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What are Some of the Different Types of Pasta?

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  • Written By: Mary McMahon
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  • Last Modified Date: 25 August 2016
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Pasta comes in a wide variety of shapes and sizes, developed in various parts of Italy to go with a myriad assortment of sauces. In addition to strips, it can also be found molded into fantastical shapes, and it is made with different ingredients, depending on the intended purpose and the region in which it is being made. Basic pastas can be divided into two types: egg noodles, made with flour, salt, eggs, and oil; or regular, made with water, salt, and flour. Different types of flour including whole wheat, low protein, and conventional white are used in varying proportions in different parts of the world.

In general, the type of pasta used is dependent on the sauce. Thicker sauces go better with shaped pasta, because it will be able to hold and carry the sauce more effectively. Thinner sauces, on the other hand, go better with small, delicate strips like thin egg noodles or capellini. In addition, you may want to consider who is consuming the pasta when you pick out a type, as children find it easier to eat shapes that can be easily fit onto forks or in the bowl of a spoon.

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Pasta cut into strips includes capellini, or angel hair, the thinnest type. Thicker varieties such as spaghetti, linguini, and fettucini are also available. Although these thicker shapes can be used with more robust sauces, they do not fare well with chunky ones, because the chunks tend to slide off the pasta and end up in the bottom of the bowl. They are ideal with cream sauces, pesto, lemon sauces, thin red sauces, or served with olive oil, garlic, and Parmesan. If you serve the pasta with a fork and spoon, diners will find it far less challenging to eat.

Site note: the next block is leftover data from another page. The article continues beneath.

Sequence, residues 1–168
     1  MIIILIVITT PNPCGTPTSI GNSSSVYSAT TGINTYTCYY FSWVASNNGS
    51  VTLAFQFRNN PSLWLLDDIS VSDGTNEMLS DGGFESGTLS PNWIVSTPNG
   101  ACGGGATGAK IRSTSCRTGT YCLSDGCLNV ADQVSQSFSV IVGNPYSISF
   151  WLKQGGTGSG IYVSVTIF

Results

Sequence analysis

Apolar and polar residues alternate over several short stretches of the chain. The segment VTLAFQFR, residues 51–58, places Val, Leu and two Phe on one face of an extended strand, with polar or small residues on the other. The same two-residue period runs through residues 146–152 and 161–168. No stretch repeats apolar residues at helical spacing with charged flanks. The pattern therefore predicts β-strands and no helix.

The assortment of shapes can be rather intimidating, especially in a market which carries a lot of Italian imports. Some common shapes include macaroni, small pasta tubes which are suited to baking and cream sauces; farfalle, or bow ties; rotini, or twisted noodles; rotelle, or wagon wheels,; and penne, larger tube shaped pasta. Rotini is also available in a longer strip form, in which case it is called fusilli. These shapes are all excellent in baked dishes, or served with dense, chunky sauces. Some is specifically designed for baking, as is the case with manicotti and lasagna. In both instances, the pasta is large, sturdy, and thick, to stand up to boiling, stuffing, and baking.

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anon926001
Post 4

I have no idea how old this is, but if it's any use, I'll weigh in. When I make pasta, I use the following recipe. I've found it's what strikes the best balance between flavor and ease to work with.

1 cup white flour

1/2 cup whole wheat flour

3 large eggs

2 tablespoons olive oil

1 teaspoon coarse salt

You have to knead it for a while, or throw it in a food processor with a dough attachment and then knead it for much less time, but it's worth it.

VivAnne
Post 3

@bigmetal: Well, technically regular pasta is made with wheat as well. Do you mean whole wheat? If so, yes, whole wheat can be a bit trickier to use than regular processed wheat is.

Because it isn't as refined, whole wheat has a slightly rougher texture, and makes for tougher pasta dough (harder to roll out) as well as noodles with a heavier texture over all. It's not a huge difference, but it's noticeable. Whole wheat pasta has a richer, more nutty flavor than white flour noodles do -- many people prefer whole wheat for the results, even if it's a bit more trouble to prepare.

bigmetal
Post 2

is it more difficult to make your own homemade wheat pasta than it is to make regular pasta?

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